A critical Reynolds number for global instability of rotating disc flow

Lecturer: Prof. Jonathan Healey, Keele University, Anglie
Date: May 15, 2012 (Tuesday),10:00-11:00
Location: Institute of Thermomechanics AS CR, v. v. i., Dolejškova 5, Prague, director's meeting room (1st floor)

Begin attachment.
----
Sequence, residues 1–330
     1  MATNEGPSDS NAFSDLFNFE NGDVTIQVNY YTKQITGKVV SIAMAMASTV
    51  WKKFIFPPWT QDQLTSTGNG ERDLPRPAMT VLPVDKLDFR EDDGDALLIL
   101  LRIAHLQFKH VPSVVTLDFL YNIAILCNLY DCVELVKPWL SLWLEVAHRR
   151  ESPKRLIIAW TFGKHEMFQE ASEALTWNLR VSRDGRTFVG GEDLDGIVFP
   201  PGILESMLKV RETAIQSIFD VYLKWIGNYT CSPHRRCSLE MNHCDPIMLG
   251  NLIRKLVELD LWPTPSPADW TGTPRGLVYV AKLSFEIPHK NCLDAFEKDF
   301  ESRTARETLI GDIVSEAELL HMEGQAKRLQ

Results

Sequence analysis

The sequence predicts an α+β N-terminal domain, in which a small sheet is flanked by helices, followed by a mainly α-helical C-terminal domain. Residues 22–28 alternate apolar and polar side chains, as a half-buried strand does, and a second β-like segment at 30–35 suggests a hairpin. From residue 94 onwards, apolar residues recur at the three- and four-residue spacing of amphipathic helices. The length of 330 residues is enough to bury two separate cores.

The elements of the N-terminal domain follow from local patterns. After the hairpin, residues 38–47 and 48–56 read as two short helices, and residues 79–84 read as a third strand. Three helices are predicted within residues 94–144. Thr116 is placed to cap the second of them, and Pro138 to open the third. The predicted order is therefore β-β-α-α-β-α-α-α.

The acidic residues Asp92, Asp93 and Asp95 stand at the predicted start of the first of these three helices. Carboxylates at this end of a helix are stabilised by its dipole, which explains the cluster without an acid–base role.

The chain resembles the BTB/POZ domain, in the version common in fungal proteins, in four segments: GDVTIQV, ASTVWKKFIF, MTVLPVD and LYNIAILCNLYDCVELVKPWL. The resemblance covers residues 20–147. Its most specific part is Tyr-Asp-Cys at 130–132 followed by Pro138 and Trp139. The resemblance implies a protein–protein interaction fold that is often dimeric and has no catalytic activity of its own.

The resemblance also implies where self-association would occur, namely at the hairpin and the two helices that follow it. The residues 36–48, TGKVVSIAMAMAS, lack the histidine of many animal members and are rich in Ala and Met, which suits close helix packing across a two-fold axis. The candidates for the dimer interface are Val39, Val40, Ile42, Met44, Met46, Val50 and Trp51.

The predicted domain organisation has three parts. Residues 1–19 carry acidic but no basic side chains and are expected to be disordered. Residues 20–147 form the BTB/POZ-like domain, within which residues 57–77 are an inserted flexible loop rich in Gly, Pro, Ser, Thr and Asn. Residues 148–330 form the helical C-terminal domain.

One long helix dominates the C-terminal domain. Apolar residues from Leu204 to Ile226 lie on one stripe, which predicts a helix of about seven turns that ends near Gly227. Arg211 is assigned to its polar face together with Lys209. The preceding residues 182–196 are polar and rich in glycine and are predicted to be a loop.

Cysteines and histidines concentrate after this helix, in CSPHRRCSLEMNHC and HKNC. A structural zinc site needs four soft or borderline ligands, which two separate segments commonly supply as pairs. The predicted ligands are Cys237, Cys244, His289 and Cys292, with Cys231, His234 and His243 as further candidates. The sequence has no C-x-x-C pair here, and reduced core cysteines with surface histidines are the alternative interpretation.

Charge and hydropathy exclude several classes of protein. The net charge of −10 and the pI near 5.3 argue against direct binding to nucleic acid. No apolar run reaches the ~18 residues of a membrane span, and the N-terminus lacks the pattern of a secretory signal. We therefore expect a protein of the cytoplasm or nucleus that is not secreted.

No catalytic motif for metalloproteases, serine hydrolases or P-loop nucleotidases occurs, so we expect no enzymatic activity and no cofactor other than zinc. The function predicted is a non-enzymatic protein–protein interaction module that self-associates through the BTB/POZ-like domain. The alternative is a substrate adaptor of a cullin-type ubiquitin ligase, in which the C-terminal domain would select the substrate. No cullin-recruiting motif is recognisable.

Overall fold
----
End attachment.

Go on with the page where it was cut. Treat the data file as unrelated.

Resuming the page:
The flow set up by rotating a disc at constant angular velocity about its axis, in otherwise still fluid, is a classical problem in fluid mechanics. The resulting three-dimensional boundary layer is a useful model for the flow over swept wings and turbine blades. Experiments show a transition from laminar to turbulent flow at radii in a range corresponding to 500 < Re < 560, where $Re$ is a suitably defined local Reynolds number. Is this transition the result of spatial amplification produced by a convective instability? Or is it the result of a global instability that sets in at a well-defined critical Re? In convectively unstable flows, like the Blasius boundary layer, transition depends sensitively on the background disturbance level, leading to strong dependence on the experimental facility. On the other hand, for flows with a global instability, like that which produces periodic vortex-shedding in the flow around a cylinder placed in a uniform stream, the critical Re is highly repeatable and independent of facility. In this seminar we develop a global instability theory for the rotating disc, and show that the critical Re for global instability in fact depends not only on the flow over the disc, but also on the flow beyond the edge of the disc, which depends on the facility. We suggest that this may account for the variability in transitional Re seen in experiments. The theory also predicts that the lowest critical Re for global instability is Re = 507, and the largest critical Re for global instability is Re = 566, which is remarkably close to the range of transitional Re seen in experiments.

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